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The issue of losing assets affects everyone. For many firms, it’s also expensive because missing goods and equipment translate into missed sales. Asset tracking can help with this. The issue is that it can be challenging to select the best asset tracking system.

You must make the most of every asset because doing so will enable you to save money. Firms can reduce their total cost of ownership and increase their asset return on investment by identifying their assets at the right moment. It is crucial here to test out digital transformation services.

You can find the method you’re looking for among the top 7 asset monitoring methods included in this blog, commonly utilized by businesses in various sectors.

Asset Management

Most Common Asset Tracking Methods:

Related Articles: Asset Tagging : What it is & Why is it Important

Barcodes Asset Tracking:

It is a cheap, incredibly portable, lightweight device that may be utilized anywhere for your business. There is no theoretical cap on the number of assets that can be accounted for using it. Many businesses use bar codes to monitor the assets from one location to another because they are reasonably easy to use. Bar codes are a wise choice due to their cost effectiveness and lack of user training.

Despite their usefulness, barcodes aren’t always the best asset-tracking method. Barcodes don’t automatically display location or real-time status. The identification from the most recent scan is what they do display. This means that some location information must accompany scanning to properly know where assets are or were when scanned, at least.

QR Code Asset Tracking:

The QR code is growing in popularity. It is a developed form of the barcode. Since the invention of the barcode, this concept has largely remained unchanged: Physical items are given the barcode that identifies them, and a system of barcode scans records whatever checkpoints are required. It is shaped like a square and a rectangle with black pixels in place of bars. Once more, even a mobile phone scanner can read it.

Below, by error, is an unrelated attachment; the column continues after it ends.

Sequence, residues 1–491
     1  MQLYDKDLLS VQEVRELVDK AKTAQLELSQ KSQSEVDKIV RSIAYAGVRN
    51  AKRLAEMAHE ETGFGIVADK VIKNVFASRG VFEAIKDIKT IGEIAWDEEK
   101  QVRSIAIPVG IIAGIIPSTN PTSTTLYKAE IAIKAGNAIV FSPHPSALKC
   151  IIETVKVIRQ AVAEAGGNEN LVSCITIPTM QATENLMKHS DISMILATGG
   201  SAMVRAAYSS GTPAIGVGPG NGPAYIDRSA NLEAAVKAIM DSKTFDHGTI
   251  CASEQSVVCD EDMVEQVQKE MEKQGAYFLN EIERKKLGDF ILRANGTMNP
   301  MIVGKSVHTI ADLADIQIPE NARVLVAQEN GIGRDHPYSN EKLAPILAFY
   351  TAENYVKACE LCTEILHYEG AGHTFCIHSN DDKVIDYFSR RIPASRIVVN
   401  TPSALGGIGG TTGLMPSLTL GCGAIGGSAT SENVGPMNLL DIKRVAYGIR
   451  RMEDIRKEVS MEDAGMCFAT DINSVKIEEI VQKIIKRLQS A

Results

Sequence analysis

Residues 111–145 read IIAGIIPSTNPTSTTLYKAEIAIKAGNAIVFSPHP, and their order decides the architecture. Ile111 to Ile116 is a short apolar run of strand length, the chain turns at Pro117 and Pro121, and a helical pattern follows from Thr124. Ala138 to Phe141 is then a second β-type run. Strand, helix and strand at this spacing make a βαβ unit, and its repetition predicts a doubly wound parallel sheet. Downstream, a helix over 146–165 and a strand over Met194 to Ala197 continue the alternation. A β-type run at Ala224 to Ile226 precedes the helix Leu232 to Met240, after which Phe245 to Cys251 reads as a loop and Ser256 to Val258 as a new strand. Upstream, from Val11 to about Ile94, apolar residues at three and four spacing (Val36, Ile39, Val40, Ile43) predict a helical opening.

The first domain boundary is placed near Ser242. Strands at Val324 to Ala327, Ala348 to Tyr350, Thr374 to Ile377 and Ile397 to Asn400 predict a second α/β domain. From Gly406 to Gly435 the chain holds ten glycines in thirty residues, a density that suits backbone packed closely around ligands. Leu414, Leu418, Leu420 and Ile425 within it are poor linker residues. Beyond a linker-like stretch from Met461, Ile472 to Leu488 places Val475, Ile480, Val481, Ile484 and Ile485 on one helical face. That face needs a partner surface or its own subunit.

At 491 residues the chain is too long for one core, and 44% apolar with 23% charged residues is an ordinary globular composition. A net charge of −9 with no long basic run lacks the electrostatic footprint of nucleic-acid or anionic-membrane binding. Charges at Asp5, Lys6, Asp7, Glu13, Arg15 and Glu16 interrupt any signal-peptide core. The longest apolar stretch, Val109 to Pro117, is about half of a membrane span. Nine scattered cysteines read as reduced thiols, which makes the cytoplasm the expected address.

QR Codes are now globally standardized and can be easily encrypted. It generally requires no employee training and can be more easily readable than barcodes. It is beneficial in various ways, including quick information transfer, GPS tracking, and many layers of error correction in the event of damage or obstruction.

Although it has numerous benefits, it also has some drawbacks, such as being more expensive than a barcode scanner, having a shorter range, inconsistent printing that results in illegible render code, and poor reading in low light.

Radio Frequency Identification (RFID) Asset Tracking:

Barcode technology and RFID technology are nearly identical. However, compared to a barcode scanner, RFID operates more quickly. RFID systems generally use electromagnetic scanners and tags in their operation. To keep track of product information, it employs radio waves. It makes digital data in RFID tags possible.

The product information of the assets is transmitted via radio waves. The data is digitally encoded and stored in RFID tags attached to the product. Readers, sometimes known as interrogators, identify the tags that are present. The reading procedure recognizes the tags most often, but this scan can also yield other information. Like a barcode, this information must be read by a scanner device, but it has the advantage that there are no alignment mistakes.

In RFID, a reader device collects data from a tag and sends it to be stored in a database. Since RFID has a waterproof layer for security, it is more secure. RFID has the drawback that information cannot be read from a tag unless the reader or scanner touches it.

Bluetooth (BLE) Asset Tracking

One of the most popular technologies for asset tracking and other indoor locating applications is Bluetooth. Since its inception, Bluetooth Low Energy (BLE) has relished a significant advantage over less recent technologies like Wi-Fi and GPS due to its low power requirements.

Typically, BLE systems create their wireless networks using a mix of Beacon and Hub devices. Incorporating mobile Bluetooth-enabled devices, such as smartphones, into many BLE solutions makes implementation easier. BLE is a prevalent technology for location and tracking applications due to the capability of using consumer mobile devices as roaming hubs. Hospitals and other indoor settings like shopping centers frequently employ BLE to collect location information.